Books by Ned Bittinger

Released: April 1, 2001

Wood (A Cowboy Christmas, 2001, etc.) has retold—and refashioned—a century-old German tale into an engaging, romantic story of the seasons. Mother Earth awakes the Root Children and gathers bits of rainbow for them to make their colorful clothes. The children then wake the bugs and paint them in jewel colors. Aunt Spring welcomes the children in their bright and sweet-scented finery, and when she returns to her bed of ferns and lilies, Cousin Summer enters the scene. Soon, though, studious Uncle Fall arrives, and Mother Earth gathers the Root Children, who leave their brightly colored garments behind. The "masquerade" is over, and the Root Children are tucked in once again for the winter. Bittinger's (The Rocking Horse Christmas, 1997, etc.) rich oils show a multicultural group of Root Children, who gambol and play in fields, woods, and gardens in the sumptuous colors of forest and meadow. The original, published in German in 1906 by Sibylle von Olfers, was in verse; an early English translation is much more didactic and wordy. In both, the boy Root Children do the painting, the girl Root Children make the clothing, and they come to the earth to do their job, which is to become a profusion of plants, flowers, and grasses. Wood's tale changes the Root Children's activities from work to play—not a bad thing, but a definite difference. This can be enjoyed with no knowledge or reference to the earlier tale, of course, and is quite charming in word and image. A song, "Root Children Sleep," completes the package. (author's note) (Picture book. 4-8)Read full book review >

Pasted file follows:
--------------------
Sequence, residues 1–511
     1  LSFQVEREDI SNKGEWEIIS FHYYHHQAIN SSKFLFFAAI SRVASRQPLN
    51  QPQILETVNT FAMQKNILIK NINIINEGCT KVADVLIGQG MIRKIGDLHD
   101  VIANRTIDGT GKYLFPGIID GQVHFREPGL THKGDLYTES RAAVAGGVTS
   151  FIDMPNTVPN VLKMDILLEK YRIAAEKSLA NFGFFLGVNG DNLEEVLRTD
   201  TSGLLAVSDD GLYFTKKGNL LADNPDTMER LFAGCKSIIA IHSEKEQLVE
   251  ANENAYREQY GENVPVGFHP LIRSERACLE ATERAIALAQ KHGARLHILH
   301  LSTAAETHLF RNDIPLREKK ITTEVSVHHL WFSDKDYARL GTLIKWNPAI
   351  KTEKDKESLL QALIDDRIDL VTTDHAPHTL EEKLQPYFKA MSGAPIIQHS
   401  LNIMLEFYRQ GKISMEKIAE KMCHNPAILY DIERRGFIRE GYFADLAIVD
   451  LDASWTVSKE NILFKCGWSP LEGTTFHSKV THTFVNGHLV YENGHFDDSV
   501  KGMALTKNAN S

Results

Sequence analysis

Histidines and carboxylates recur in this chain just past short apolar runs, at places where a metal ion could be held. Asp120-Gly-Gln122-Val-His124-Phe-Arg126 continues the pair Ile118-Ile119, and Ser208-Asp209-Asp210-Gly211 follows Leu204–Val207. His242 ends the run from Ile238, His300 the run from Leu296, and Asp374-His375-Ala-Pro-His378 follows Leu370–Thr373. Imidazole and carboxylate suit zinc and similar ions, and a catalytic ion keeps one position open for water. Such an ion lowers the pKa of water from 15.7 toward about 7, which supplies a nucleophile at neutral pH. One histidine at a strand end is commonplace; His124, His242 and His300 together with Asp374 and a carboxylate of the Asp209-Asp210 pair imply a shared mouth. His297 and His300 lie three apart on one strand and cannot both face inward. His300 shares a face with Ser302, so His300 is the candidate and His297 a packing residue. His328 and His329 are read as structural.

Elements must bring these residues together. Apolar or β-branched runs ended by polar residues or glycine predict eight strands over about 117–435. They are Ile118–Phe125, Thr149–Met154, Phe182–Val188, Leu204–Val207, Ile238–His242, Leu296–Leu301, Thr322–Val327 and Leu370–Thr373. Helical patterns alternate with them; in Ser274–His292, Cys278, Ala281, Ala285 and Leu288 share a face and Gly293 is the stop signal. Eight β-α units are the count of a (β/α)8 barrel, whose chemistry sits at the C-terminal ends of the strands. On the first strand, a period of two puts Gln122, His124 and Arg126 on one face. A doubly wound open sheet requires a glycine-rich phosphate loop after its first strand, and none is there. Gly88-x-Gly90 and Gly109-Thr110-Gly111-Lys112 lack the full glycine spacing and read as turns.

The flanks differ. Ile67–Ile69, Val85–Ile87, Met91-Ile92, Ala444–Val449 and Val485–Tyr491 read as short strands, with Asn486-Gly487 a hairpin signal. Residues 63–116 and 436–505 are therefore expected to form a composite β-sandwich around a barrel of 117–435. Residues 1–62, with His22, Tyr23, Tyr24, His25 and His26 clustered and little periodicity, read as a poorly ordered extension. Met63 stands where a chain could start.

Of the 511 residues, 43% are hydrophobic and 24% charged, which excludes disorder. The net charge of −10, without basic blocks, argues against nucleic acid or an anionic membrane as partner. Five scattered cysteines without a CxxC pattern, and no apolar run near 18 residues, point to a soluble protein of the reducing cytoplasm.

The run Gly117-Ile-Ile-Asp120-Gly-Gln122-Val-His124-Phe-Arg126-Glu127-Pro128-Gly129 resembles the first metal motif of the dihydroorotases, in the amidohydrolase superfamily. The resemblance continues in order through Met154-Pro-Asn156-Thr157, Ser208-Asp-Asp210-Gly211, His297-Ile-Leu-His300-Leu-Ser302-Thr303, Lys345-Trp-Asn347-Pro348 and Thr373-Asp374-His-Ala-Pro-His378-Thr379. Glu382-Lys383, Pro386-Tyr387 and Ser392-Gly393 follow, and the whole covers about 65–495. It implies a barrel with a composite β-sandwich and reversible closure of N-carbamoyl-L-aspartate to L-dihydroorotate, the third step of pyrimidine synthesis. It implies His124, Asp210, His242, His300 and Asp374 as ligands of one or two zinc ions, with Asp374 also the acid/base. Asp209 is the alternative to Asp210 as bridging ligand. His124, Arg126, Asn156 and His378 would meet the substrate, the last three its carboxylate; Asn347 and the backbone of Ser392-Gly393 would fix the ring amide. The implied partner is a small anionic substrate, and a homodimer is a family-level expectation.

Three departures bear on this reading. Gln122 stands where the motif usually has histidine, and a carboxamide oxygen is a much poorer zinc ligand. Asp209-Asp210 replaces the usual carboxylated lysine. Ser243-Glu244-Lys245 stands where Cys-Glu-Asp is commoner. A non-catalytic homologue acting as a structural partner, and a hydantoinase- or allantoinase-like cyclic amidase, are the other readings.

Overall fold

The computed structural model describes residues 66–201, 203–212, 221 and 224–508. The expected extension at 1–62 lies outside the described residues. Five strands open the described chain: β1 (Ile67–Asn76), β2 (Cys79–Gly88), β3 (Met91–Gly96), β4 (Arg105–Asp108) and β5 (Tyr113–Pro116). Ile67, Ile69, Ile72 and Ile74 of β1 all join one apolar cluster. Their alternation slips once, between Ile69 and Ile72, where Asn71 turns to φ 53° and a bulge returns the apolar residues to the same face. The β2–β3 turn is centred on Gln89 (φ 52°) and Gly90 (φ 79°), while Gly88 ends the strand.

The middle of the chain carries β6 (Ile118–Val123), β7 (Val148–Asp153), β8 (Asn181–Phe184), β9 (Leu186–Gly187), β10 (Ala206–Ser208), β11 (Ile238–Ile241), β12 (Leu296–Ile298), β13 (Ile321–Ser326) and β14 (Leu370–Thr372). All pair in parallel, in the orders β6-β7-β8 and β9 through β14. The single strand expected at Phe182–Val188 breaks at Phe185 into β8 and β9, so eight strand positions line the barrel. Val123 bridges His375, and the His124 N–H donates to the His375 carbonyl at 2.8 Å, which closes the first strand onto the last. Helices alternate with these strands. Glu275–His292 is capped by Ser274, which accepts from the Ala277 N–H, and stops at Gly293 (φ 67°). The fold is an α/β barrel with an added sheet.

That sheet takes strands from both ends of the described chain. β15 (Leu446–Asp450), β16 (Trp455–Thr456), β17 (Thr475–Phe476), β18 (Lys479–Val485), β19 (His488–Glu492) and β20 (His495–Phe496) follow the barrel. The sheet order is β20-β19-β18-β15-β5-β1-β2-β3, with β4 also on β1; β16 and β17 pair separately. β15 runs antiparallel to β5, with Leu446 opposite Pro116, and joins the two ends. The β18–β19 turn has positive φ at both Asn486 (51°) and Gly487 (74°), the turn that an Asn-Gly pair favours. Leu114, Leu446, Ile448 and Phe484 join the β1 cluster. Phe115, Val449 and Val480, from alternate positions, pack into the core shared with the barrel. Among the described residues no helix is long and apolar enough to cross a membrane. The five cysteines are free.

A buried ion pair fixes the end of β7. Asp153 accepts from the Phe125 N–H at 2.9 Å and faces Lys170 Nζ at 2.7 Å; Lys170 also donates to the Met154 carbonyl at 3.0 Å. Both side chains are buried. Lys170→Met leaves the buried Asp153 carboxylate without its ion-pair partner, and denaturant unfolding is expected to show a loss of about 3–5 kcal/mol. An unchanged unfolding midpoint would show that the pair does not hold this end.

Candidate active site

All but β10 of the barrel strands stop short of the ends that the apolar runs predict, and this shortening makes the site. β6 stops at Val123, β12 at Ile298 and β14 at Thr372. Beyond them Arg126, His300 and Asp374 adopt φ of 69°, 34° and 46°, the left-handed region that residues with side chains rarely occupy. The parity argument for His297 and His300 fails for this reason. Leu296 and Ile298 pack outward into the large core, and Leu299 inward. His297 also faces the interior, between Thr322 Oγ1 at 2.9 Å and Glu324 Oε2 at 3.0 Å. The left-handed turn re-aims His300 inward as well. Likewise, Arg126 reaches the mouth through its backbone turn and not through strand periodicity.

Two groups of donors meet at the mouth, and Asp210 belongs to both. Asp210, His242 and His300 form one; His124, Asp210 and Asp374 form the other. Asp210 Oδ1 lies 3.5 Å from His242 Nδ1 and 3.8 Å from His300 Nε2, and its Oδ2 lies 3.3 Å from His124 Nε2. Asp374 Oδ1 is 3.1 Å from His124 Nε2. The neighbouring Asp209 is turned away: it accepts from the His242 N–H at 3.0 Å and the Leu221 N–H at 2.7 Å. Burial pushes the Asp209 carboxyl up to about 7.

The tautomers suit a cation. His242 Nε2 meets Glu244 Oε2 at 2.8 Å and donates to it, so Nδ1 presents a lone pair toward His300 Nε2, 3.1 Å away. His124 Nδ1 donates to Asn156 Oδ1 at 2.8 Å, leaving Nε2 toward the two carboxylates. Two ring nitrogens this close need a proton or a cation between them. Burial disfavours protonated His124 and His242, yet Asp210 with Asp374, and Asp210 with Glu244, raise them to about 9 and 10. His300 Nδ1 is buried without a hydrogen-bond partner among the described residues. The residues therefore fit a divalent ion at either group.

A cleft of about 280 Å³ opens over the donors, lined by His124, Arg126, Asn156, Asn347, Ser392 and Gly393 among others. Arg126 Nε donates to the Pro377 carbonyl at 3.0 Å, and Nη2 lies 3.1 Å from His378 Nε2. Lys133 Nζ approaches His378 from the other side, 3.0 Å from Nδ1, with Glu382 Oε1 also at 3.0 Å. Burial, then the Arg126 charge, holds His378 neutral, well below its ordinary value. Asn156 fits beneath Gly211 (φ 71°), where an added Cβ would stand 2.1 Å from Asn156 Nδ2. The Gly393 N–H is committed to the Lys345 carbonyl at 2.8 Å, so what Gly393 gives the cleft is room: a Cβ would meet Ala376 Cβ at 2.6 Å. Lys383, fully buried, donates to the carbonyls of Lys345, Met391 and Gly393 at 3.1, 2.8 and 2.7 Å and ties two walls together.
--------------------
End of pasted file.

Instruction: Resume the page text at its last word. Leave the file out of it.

Released: Nov. 1, 1996

Bunting adds to her series of picture books with serious themes (Smoky Night, 1994, etc.) with this account of an unnamed Civil War battle framed within a present-day story of two young boys, one black, one white, whose new homes are being constructed within view of an unmarked battlefield. As the two boys, fast friends, explore their new homesites, they learn about the tragic loss of life that happened there in that war of "us against us . . . the saddest kind of war there is." Bunting's text is mostly stated in the manner of a child's brief sentences, but sprinkled with rhyming words and typographically arranged like a poem in short lines that slow the reading to a somber pace. Bittinger's oils capture both the bucolic peace of the present-day countryside and the smoke and turmoil of battle, in one case as seen from exactly the same point of view in two consecutive spreads. Particularly effective is the ghostly presence of soldiers, cannon, horses, and wagons as faint silhouettes in some scenes of the two young friends. Offering only hints of the issues over which the war was fought, this is not a book to read without preparation, but it is a worthy complement to books such as Patricia Polacco's Pink and Say (1994) and Karen Ackerman's The Tin Heart (1990). (Picture book. 7-10)Read full book review >